When patients suffer from aneurysm, a procedure known as cerebral aneurysm neck clipping must be performed to prevent ischemia. At present, neurosurgeons must perform microsurgical clipping, where a small metal clip is used to obstruct the ruptured aneurysm and to prevent rebleeding.[ 9 , 10 ] For neurosurgeons, the ability to observe the intracranial area around the neck of an aneurysm is crucial to prevent ischemic complications.[ 9 , 10 ] Of particular concern, the region of the branch of vessels originating behind the parent artery is difficult to observe using a standard surgical microscope.[ 3 , 5 ] In addition, in the cases of microvascular decompression for trigeminal neuralgia, it may also be difficult to observe the responsible vessels on the dorsal cranial surface containing the trigeminal nerve.[ 8 , 15 ] The neuroendoscope, due to its higher magnification, better observation, and additional illumination, can provide us information that may not be obtained using the microscope in aneurysm surgery.[ 1 , 3 , 5 , 12 , 13 ] The neuroendoscope assists in capturing blind spots with the surgical microscope.[ 1 , 3 , 5 , 12 , 13 ] However, using a neuroendoscope may be difficult in a narrow surgical field without advanced technique for safe and reliable use.[ 2 ]

An angioscope is utilized to observe and evaluate the degree of atherosclerosis within the lumen of blood vessels.[ 4 , 6 , 7 , 15 ] A unique feature of the angioscope is that the retractable tip is thin and flexible, approximately 1.83 mm in width. Therefore, we considered that it could be applied as a neuroendoscope to capture deep and narrow areas of the brain that cannot be observed with a surgical microscope. In this report, the angioscope was examined to determine its potential for use as a new neuroendoscope that is safer and easier to handle than conventional neuroendoscopic manipulation using an in vivo goat brain model.[ 11 ]

MATERIALS AND METHODS

Animal models

In vivo goat brain model that we recently reported was employed to the present study. Three male goats, which weighed 17.5, 26.5, and 27.5 kg, were considered. We ensured that the study was performed under the conformity of the international, national, and institutional rules considering animal experiments, clinical studies, and biodiversity rights. All manipulations and protocols were performed according to the Guidelines for Animal Experiments at the International University of Health and Welfare and in accordance with the National Institutes of Health Guide for the Care and Use of Laboratory Animals (NIH publications no. 85–23) revised in 1996.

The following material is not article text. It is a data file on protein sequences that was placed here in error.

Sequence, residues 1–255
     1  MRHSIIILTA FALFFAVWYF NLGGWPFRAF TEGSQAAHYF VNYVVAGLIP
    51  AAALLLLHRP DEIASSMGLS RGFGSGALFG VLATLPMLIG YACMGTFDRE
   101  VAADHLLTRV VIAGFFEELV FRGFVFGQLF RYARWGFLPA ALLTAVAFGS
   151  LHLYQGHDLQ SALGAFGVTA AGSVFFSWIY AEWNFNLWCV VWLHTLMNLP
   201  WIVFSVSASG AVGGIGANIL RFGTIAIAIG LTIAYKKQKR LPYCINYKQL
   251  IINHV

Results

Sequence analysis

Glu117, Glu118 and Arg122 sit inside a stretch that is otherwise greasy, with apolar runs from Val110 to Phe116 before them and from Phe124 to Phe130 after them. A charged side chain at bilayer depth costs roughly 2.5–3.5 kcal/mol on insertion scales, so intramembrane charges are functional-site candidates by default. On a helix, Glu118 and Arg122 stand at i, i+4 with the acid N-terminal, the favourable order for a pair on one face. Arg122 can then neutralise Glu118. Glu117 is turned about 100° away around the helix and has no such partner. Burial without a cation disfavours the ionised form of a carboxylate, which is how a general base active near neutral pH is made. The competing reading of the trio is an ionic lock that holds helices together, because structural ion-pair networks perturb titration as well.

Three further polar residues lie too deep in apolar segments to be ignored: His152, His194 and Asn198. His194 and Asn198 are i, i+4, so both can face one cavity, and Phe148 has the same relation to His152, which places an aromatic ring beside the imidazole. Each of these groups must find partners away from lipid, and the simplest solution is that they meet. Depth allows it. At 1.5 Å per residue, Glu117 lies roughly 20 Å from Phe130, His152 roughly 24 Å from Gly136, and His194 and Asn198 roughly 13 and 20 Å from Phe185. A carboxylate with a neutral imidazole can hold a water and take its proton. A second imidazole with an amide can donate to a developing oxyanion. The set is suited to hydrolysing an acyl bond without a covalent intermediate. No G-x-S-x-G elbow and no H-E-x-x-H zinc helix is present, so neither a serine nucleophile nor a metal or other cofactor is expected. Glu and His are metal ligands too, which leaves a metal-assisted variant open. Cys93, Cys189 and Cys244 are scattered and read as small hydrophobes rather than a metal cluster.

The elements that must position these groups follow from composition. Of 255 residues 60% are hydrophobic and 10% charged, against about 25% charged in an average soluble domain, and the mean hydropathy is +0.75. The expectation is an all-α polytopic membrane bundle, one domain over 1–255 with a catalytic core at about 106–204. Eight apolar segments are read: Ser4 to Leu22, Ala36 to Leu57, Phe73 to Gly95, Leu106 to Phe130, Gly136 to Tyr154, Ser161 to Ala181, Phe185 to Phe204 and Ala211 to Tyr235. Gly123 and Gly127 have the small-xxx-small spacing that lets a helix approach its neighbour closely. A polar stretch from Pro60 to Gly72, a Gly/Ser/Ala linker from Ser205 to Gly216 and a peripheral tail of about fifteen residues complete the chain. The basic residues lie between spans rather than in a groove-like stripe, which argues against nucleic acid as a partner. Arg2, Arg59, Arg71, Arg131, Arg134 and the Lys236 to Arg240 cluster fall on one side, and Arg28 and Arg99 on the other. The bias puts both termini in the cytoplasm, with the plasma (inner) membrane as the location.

Surgery

Animals were initially anesthetized with xylazine 0.4 mg/0.02/kg and atropine 0.5 mg injected intramuscularly, and maintained on 5% isoflurane and 95% O2 at 1.5–2.0 ml/min to control breathing. Anesthesia was maintained with 2% isoflurane and 100% O2 at 1.5–2.0 ml/min.[ 11 ] Craniotomies were performed by placing the animals in the prone position and orientating the head such that midline skin incisions of the scalp could be safely carried out. The craniotomy was carried out in a size of 6 cm × 6 cm with an air tome. After incision of the dura mater, a right retrosigmoid approach was performed under a surgical microscope. An additional surgical approach was made from the lateral side of the cerebellum to reach the cerebellopontine angle, and an angioscope was inserted to investigate whether it is possible to observe trigeminal nerves and lower cranial nerves. Next, the tonsil was retracted and the floor of the fourth ventricle was observed, and an angioscope was inserted ventral to the brainstem to observe the anterior surface of the brainstem and cervical spinal cord.